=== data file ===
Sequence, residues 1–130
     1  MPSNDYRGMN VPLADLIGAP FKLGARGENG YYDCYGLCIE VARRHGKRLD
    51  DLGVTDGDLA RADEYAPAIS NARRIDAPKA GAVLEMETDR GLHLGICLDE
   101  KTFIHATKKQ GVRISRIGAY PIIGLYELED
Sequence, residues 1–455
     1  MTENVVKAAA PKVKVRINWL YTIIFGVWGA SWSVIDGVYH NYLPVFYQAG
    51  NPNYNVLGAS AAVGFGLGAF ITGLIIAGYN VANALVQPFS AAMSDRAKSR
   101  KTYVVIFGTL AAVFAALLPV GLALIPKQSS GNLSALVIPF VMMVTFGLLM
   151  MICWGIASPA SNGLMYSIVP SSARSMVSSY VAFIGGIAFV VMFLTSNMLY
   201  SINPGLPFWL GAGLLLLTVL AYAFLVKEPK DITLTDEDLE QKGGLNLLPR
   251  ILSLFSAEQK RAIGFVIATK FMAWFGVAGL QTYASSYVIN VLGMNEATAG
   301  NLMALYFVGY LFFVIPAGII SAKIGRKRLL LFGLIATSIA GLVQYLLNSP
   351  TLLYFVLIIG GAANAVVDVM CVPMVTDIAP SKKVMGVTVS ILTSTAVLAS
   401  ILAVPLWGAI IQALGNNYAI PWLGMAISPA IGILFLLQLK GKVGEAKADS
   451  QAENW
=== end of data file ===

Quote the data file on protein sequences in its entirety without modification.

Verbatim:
Sequence, residues 1–130
     1  MPSNDYRGMN VPLADLIGAP FKLGARGENG YYDCYGLCIE VARRHGKRLD
    51  DLGVTDGDLA RADEYAPAIS NARRIDAPKA GAVLEMETDR GLHLGICLDE
   101  KTFIHATKKQ GVRISRIGAY PIIGLYELED
Sequence, residues 1–455
     1  MTENVVKAAA PKVKVRINWL YTIIFGVWGA SWSVIDGVYH NYLPVFYQAG
    51  NPNYNVLGAS AAVGFGLGAF ITGLIIAGYN VANALVQPFS AAMSDRAKSR
   101  KTYVVIFGTL AAVFAALLPV GLALIPKQSS GNLSALVIPF VMMVTFGLLM
   151  MICWGIASPA SNGLMYSIVP SSARSMVSSY VAFIGGIAFV VMFLTSNMLY
   201  SINPGLPFWL GAGLLLLTVL AYAFLVKEPK DITLTDEDLE QKGGLNLLPR
   251  ILSLFSAEQK RAIGFVIATK FMAWFGVAGL QTYASSYVIN VLGMNEATAG
   301  NLMALYFVGY LFFVIPAGII SAKIGRKRLL LFGLIATSIA GLVQYLLNSP
   351  TLLYFVLIIG GAANAVVDVM CVPMVTDIAP SKKVMGVTVS ILTSTAVLAS
   401  ILAVPLWGAI IQALGNNYAI PWLGMAISPA IGILFLLQLK GKVGEAKADS
   451  QAENW